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The Flaw in Marco Rubio’s Immigration Jujitsu

Here’s a potential stumbling block for Sen. Marco Rubio’s strategy [3] of whispering to the talk-radio right: If current immigration law, or what passes for it, is “de facto amnesty,” then the 11 or 12 million undocumented workers residing here illegally would have no incentive to “come out of the shadows” and take advantage of Rubio’s path to legal status.

Step back and recall the reason why many Republicans urgently want to tackle the immigration issue (other than to establish Rubio’s credentials as a reformer and policy wonk as preparation for a 2016 presidential run). Obviously, they want to improve the party’s image among Hispanics. Pace Mitt Romney, they would like to deliver a gift to a growing demographic.

To sell the plan to immigration restrictionists, however, Rubio must emphasize its punitive measures—its law-and-order litany of, as Romney-turned-Rubio booster Jennifer Rubin explains [4], monetary fines, back taxes, community service, and adverse treatment in the application for legal residence or citizenship.

At a certain level, this is how all large-scale legislative reforms work; you assemble a coalition by discretely highlighting the most appealing aspects of your proposal—access to medical care for the working poor, more customers for hospitals and insurers, lower costs (in theory!) for everyone, to use the Obamacare sales pitch as an example. If enough people think they’ll gain more than they lose, your reform stands a chance of becoming law. But Rubio appears to be playing this game to the point of internal contradiction. If he tells the likes of Mark Levin and Sean Hannity that current law is a better deal for undocumented workers, then what’s in it for undocumented workers? How would it tangibly improve their lives?

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To be clear, I hope something like the Rubio-Bush-Obama framework eventually becomes law. While far from perfect, it’s better than the easily-flouted system currently in place. Maybe this PR flaw, as I see it, won’t matter much. At this point, it appears that both sides are hungry enough for a deal to ignore the dissonance of Rubio’s case for comprehensive reform.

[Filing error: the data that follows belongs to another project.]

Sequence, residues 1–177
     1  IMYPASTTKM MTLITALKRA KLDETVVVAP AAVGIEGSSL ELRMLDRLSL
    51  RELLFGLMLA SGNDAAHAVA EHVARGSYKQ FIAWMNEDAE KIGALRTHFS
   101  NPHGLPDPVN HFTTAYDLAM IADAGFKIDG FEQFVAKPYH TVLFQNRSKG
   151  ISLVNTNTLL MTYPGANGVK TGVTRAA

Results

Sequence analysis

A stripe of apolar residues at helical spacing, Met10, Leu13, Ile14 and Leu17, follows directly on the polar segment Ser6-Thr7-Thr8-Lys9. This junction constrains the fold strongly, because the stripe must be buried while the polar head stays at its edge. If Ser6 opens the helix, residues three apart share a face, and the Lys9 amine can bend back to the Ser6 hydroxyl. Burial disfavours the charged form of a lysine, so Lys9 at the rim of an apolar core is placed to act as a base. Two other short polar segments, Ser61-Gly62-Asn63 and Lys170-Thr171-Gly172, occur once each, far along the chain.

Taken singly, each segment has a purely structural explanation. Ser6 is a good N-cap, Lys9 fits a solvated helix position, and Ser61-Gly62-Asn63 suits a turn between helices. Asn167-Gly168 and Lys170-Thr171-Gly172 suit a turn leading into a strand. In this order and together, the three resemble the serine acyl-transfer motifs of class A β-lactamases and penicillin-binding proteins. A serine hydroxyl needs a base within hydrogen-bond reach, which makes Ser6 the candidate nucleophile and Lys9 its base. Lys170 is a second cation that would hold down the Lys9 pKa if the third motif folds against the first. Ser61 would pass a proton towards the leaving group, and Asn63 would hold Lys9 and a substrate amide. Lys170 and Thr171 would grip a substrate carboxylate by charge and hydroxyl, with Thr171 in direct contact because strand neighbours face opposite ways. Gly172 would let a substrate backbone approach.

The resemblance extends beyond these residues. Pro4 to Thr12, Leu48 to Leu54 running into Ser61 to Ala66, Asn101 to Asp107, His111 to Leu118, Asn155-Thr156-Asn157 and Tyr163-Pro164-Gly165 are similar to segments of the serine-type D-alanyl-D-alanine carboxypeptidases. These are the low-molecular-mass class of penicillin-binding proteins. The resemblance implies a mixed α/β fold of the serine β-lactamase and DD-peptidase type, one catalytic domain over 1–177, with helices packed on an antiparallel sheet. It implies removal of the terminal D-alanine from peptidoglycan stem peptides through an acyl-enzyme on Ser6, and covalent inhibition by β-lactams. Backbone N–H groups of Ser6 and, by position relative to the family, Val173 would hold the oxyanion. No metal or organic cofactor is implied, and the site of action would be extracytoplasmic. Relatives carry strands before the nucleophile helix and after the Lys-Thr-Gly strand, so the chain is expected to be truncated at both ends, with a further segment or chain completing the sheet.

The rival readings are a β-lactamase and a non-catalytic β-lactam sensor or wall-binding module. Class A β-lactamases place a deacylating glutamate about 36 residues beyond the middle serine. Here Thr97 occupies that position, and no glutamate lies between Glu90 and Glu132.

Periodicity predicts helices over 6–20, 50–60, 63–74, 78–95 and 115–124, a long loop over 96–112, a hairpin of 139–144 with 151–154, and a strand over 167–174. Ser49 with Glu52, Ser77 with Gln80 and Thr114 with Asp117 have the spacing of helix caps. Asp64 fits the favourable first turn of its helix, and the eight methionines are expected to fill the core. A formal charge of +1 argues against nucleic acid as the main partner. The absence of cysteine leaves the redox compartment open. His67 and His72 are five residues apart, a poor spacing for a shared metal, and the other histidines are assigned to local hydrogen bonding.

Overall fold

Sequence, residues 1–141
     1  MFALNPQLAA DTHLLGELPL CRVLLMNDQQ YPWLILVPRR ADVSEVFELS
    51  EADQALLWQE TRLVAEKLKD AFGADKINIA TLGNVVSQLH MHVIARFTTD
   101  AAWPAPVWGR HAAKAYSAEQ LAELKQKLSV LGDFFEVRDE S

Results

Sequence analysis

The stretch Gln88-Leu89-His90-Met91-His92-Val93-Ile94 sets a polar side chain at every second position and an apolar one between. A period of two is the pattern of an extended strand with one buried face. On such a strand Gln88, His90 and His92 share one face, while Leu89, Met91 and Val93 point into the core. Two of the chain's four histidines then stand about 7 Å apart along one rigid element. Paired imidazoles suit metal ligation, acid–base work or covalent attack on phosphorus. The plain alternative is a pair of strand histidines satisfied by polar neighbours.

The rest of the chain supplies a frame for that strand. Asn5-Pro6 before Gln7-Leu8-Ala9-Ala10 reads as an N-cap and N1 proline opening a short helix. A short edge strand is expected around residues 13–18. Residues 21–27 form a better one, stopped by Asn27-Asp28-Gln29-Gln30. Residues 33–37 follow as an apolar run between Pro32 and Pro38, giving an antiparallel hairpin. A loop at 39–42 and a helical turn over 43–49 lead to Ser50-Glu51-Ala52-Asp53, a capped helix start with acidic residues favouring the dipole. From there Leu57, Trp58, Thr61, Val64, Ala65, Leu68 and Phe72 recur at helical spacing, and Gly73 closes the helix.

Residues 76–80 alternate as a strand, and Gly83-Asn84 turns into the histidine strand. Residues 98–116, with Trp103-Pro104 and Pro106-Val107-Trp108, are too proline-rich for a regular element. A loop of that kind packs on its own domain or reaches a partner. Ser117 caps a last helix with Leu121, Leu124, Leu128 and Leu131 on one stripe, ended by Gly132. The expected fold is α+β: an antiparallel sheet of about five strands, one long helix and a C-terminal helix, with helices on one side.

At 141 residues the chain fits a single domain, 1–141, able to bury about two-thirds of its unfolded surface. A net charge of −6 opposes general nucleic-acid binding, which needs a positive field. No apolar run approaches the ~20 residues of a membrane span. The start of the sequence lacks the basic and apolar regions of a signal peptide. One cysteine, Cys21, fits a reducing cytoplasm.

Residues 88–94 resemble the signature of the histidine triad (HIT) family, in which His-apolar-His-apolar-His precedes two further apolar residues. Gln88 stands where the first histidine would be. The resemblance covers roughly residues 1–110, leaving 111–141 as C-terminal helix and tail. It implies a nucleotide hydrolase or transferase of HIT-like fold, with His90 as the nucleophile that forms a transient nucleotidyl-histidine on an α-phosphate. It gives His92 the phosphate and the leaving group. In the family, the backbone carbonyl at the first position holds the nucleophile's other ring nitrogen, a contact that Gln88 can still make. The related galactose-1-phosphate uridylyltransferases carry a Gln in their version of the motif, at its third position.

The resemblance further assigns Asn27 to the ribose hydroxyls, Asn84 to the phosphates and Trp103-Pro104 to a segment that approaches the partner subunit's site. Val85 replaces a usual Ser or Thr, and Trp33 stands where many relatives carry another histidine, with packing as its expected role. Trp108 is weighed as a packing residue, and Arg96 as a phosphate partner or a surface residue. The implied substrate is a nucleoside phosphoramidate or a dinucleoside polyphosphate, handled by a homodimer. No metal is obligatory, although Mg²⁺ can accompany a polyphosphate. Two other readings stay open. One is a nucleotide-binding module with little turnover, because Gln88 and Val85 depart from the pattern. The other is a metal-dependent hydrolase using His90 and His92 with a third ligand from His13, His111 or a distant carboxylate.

Follow @scottgalupo [5]

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#1 Comment By Patrick On January 25, 2013 @ 5:27 pm

“If he tells the likes of Mark Levin and Sean Hannity that current law is a better deal for undocumented workers, then what’s in it for undocumented workers?”

Yeah. Perhaps Rubio believes restrictionists want whatever-plan-sticks-it-to-the-undocumented-crowd, because he thinks they’re a bunch of racists?

#2 Comment By TomB On January 25, 2013 @ 5:34 pm

Scott Galupo wrote:

“if [Rubio] tells the likes of Mark Levin and Sean Hannity that current law is a better deal for undocumented workers, then what’s in it for undocumented workers? How would it tangibly improve their lives?

And I think here’s the flaw in your assessment Scott: Don’t you think it’s absolutely beyond merely “intangible” and instead damn near existentially huge to be relieved of the absolutely *constant*, 24/7 threat that, at any second under the fluctuating enforcement rules, you and the *entire* life you’ve planted here—and the longer it’s been the dear their roots—might be grabbed up by the ICE people and flown back to Juarez, very possibly leaving your loved ones here even and you down in that cartel garden spot?

While I respect your difference of opinion regarding the smartness of an amnesty scheme I would however at least ask you to stop referring to something like Rubios or Obamas or any of the others floating around out there by their own, self-described (and self-interested) “comprehensive” label.

Outside of those consciously lying by using that term and the vast majority of the rest who haven’t thought about it but use it only because the media has of course accepted it, it’s about as comprehensive as describing a donut as a hole.

Either that or point with specificity to those provisions that grant at least a high degree of confidence that the passage of same is going to stop another 11-15 million into the country illegally over the next 10 years or so and *then* maybe we can accept the term “comprehensive.”

*Then* most people might at least say “yeah, okay, it strives for comprehensiveness at least.”